- Reshape - adjusts selected anchor points while keeping the overall detail of the path intact
15) Width (Shift+W) Tool (fig 15)
- Width (Shift+W) - Allows you to create a variable width stroke
- Warp (Shift+R) - Ability to freely warp an object
- Twirl - Creates swirling distortions within an object
- Pucker - Deflates an object by moving control points towards the cursor
- Bloat - Inflates an object by moving control points away from the cursor
- Scallop - Adds random curved details to the outline of an object
- Crystallize - Adds random spiked details to the outline of an object
- Wrinkle - Adds wrinkle-like details to the outline of an object
16) Free Transform (E) Tool (fig 16)
- Ability to freely warp an object
17) Shape Builder (Shift+M) Tools (fig 17)
- Shape Builder (Shift+M)
- Live Paint Bucket (K)
- Live Paint Selection (Shift+L)
18) Perspective Grid (Shift+P) Tool (fig 18)
- Perspective Grid (Shift+P) - Creates a perspective grid.
- Perspective Selection (Shift+V) - Allows manipulation of the perspective grid.
19) Mesh (U) Tool (fig 19)
- Creates multicolored object on which colors can flow in different directions and transition smoothly from one point to another.
20) Gradient (G) Tool (fig 20)
- Creates a gradient in selected area.
21) Eyedropper (I) Tool (fig 21)
- Eyedropper (I) - Samples an area/color range
- Measure - Calculates area between points
22) Blend (W) Tool (fig 22)
- Create blends of intermediate objects and colors between two or more selected objects.
23) Live Paint Bucket (Shift+S) (fig 23)
- Symbol Sprayer Tool (Shift+S)
- Symbol Shifter
- Symbol Scruncher
- Symbol Sizer
- Symbol Spinner
- Symbol Stainer
- Symbol Screener
- Symbol Styler
24) Column Graph (J) Tool (fig 24)
- Column Graph (J)
- Stacked Column Graph
- Bar Graph
- Stacked Bar Graph
- Line Graph
- Area Graph
- Scatter Graph
- Pie Graph
- Radar Graph
25) Artboard (Shift+O) Tool (fig 24_a)
- The ability to create and use multiple artboards.
26) Slice (Shift+K) Tool (fig 25)
- Slice Tool (Shift+K) - creates slice
- Slice Selection Tool - select slice
27) Hand (H) Tool (fig 27)
- Hand (H) - Grabs an area and brings into toggle view.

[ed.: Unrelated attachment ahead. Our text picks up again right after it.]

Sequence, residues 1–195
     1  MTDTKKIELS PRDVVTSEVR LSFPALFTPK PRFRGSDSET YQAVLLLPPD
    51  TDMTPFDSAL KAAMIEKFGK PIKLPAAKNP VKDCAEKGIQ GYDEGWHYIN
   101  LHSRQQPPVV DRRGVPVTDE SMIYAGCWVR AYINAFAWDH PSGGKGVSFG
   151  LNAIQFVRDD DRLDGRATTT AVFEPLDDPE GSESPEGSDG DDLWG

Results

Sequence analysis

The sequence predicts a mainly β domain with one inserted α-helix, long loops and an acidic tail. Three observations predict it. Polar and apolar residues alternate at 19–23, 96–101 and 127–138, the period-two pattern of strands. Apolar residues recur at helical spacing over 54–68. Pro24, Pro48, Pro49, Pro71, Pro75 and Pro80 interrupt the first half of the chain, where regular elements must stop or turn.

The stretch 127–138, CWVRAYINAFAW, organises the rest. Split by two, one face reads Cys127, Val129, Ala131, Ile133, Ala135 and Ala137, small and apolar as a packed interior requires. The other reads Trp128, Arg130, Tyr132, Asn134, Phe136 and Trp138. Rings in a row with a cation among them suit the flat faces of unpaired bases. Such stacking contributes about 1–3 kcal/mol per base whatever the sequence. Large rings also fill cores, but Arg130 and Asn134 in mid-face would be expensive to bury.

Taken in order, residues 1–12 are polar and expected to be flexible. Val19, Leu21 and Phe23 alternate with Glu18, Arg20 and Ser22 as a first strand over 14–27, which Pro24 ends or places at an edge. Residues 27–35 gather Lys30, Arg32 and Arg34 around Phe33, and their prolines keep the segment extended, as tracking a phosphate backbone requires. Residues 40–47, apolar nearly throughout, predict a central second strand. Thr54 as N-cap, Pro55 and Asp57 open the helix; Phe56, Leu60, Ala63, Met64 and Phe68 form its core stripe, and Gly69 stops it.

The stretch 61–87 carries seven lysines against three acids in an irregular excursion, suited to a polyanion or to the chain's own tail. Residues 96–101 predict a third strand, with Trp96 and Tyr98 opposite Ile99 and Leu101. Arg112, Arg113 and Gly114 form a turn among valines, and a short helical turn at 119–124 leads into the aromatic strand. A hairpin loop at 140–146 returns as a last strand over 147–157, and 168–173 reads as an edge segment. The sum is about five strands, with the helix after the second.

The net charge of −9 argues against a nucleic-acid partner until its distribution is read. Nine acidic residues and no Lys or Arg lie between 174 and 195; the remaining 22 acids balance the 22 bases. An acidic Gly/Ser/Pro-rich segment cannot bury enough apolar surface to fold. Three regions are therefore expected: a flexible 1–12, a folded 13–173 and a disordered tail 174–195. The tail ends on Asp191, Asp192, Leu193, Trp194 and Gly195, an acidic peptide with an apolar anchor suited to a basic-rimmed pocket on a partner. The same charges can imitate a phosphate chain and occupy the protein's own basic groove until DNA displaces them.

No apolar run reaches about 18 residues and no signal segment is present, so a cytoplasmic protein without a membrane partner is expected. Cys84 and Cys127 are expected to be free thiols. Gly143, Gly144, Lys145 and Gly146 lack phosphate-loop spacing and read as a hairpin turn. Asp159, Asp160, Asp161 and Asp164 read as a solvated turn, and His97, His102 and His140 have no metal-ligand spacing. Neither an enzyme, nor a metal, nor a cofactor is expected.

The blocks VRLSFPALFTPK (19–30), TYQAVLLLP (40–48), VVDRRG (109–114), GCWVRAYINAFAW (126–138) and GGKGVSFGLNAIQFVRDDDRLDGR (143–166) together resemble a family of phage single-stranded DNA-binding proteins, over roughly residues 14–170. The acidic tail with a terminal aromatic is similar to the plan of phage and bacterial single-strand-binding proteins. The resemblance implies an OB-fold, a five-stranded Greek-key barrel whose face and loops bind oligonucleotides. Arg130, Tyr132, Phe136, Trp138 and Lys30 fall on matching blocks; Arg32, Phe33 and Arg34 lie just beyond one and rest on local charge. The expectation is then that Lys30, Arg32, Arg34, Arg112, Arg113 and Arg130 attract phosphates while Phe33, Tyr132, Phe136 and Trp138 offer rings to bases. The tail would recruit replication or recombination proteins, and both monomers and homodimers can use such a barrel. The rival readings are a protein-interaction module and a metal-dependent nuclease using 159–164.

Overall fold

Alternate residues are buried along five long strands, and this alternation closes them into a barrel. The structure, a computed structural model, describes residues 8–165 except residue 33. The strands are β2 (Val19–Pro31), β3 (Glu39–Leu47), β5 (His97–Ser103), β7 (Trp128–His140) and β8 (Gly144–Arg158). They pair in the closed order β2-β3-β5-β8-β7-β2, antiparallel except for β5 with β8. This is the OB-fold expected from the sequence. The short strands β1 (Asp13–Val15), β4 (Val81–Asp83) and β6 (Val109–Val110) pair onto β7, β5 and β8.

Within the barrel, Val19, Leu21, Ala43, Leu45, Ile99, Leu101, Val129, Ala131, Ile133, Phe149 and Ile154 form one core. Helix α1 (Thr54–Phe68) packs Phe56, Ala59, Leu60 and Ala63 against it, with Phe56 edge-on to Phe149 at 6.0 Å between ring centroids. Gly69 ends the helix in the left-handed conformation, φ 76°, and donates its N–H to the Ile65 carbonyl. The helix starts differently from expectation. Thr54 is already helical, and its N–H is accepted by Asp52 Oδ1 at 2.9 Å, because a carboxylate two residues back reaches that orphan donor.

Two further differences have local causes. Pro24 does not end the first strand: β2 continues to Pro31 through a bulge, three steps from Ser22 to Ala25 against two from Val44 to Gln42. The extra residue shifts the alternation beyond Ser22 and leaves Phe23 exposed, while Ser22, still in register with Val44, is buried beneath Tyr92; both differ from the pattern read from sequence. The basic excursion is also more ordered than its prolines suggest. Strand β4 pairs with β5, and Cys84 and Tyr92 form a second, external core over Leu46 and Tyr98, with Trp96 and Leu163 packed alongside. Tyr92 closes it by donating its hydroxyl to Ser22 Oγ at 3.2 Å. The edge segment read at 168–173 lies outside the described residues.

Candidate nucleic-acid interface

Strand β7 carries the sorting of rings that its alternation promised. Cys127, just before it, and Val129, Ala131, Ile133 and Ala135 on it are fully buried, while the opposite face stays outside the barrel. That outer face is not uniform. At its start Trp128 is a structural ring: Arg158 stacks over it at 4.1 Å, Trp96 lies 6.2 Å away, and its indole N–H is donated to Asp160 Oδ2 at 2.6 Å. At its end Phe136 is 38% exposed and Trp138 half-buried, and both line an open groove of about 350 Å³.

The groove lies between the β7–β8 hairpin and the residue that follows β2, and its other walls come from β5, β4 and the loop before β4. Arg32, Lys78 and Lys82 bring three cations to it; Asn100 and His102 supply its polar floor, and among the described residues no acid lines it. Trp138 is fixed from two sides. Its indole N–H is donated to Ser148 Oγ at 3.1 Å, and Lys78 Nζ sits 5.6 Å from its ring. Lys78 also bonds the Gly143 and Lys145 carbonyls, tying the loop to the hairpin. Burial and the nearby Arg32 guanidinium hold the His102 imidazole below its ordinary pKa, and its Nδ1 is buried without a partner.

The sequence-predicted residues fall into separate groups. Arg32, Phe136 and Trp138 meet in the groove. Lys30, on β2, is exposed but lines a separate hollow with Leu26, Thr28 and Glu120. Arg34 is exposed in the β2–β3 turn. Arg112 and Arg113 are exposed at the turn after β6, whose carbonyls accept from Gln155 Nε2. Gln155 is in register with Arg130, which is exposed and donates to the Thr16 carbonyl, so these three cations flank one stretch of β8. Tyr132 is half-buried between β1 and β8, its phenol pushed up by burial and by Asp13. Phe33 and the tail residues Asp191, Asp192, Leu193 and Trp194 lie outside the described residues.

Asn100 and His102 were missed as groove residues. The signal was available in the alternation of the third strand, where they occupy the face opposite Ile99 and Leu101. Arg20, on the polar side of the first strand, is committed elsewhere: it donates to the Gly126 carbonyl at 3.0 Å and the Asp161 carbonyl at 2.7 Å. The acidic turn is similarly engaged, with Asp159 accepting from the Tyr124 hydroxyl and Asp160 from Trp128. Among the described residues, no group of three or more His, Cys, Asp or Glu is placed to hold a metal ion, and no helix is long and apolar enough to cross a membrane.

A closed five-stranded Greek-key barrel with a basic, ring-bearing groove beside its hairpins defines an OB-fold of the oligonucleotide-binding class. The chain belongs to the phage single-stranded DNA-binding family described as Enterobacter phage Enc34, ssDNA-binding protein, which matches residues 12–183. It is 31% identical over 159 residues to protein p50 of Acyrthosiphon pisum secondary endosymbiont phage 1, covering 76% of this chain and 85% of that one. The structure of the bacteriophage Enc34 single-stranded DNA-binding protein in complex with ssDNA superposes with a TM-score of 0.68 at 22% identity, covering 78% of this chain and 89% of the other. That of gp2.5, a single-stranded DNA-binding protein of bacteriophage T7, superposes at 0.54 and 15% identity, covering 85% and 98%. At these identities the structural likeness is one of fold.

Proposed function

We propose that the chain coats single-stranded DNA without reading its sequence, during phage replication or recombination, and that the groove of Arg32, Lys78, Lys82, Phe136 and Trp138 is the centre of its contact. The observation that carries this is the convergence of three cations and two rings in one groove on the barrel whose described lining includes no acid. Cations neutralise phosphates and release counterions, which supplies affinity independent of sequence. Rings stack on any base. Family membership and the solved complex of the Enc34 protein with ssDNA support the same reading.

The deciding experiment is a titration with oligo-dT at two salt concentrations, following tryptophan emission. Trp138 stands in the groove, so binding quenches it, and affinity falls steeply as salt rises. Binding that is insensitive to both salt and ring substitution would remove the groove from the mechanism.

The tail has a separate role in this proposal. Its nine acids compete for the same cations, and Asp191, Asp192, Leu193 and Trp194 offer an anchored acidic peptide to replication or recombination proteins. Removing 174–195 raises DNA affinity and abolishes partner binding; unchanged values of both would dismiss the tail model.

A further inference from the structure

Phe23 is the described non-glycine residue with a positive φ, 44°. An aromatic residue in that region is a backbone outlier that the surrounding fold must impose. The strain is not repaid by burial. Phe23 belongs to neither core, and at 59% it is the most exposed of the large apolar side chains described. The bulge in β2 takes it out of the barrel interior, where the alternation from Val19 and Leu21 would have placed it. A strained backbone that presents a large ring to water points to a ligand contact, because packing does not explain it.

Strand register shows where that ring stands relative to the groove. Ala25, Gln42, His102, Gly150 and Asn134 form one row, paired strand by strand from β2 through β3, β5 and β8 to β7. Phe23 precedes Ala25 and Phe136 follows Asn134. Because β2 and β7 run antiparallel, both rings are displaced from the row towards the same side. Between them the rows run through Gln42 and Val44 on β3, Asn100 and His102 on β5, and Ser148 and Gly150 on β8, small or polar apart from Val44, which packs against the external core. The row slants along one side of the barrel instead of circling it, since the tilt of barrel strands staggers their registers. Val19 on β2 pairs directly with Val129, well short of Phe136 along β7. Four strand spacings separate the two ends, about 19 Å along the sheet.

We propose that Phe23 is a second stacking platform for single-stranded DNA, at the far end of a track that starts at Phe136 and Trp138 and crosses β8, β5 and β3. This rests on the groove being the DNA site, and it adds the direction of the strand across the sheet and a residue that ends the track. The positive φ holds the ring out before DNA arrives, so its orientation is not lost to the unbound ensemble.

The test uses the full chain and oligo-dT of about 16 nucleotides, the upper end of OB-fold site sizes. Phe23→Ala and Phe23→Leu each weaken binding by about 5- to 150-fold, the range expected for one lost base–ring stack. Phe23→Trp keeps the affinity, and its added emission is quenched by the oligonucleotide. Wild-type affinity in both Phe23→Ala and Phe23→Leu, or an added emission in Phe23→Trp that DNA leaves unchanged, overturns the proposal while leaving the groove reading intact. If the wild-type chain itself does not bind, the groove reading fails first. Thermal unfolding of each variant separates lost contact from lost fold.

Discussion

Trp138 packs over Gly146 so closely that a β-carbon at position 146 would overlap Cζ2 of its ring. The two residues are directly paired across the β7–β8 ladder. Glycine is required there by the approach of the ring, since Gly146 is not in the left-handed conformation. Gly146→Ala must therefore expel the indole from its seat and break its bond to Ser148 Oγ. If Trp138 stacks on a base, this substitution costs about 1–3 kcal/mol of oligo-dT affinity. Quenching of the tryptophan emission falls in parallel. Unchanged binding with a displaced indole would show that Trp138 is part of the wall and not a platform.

- Print Tiling Tool - View a the size of a single tile before tile printing
28) Zoom (Z) Tool (fig 28)
- Click on an area to expand a portion of the document.
- 29)Color Mode (fig 29)
- Left box- Fill
- Right box- Stroke
- 30) Color (<) - Selects color on a selected object (fig 30)
- 31) Gradient (>) - - Selects gradient on a selected object (fig 30)
- 32) None (/) (fig 30)
- 33) Toggle Full Screen modes - change layout of viewing area. (fig 31)
Windows are used as a form of organization, allowing the user to control which tools they have open at one time. Automatically, Illustrator opens these windows (fig 30_a) because they are the most commonly used.
A) Color Window - Allows you to view and control the Color values in CYNK or RGB, and toggle the slide to change the numerical value and create a new color.
Color Guide - When you select a color in the Swatches Window (B), the Color Guide Window will create five swatches that correlate with it in tint and shade.
B) Swatches Window - The Swatches Window is has the color swatches for the user to choose. To create a new swatch, choose the drop down menu>New Swatch.
Brushes Window - The Brushes Window allows the user to choose from a variety of different shape and sized brushes. To upload more, choose the dropdown menu>Open Brush Library.
Symbols Window -The Symbols Window has different symbol options that can be used with the Symbol Sprayer or simply dragged and dropped onto the canvas. To choose more symbols, use the dropdown menu>Open Symbol LIbrary
C) Stroke Window - The Strokes Window is used to choose different stroke options that can be applied to shapes and text.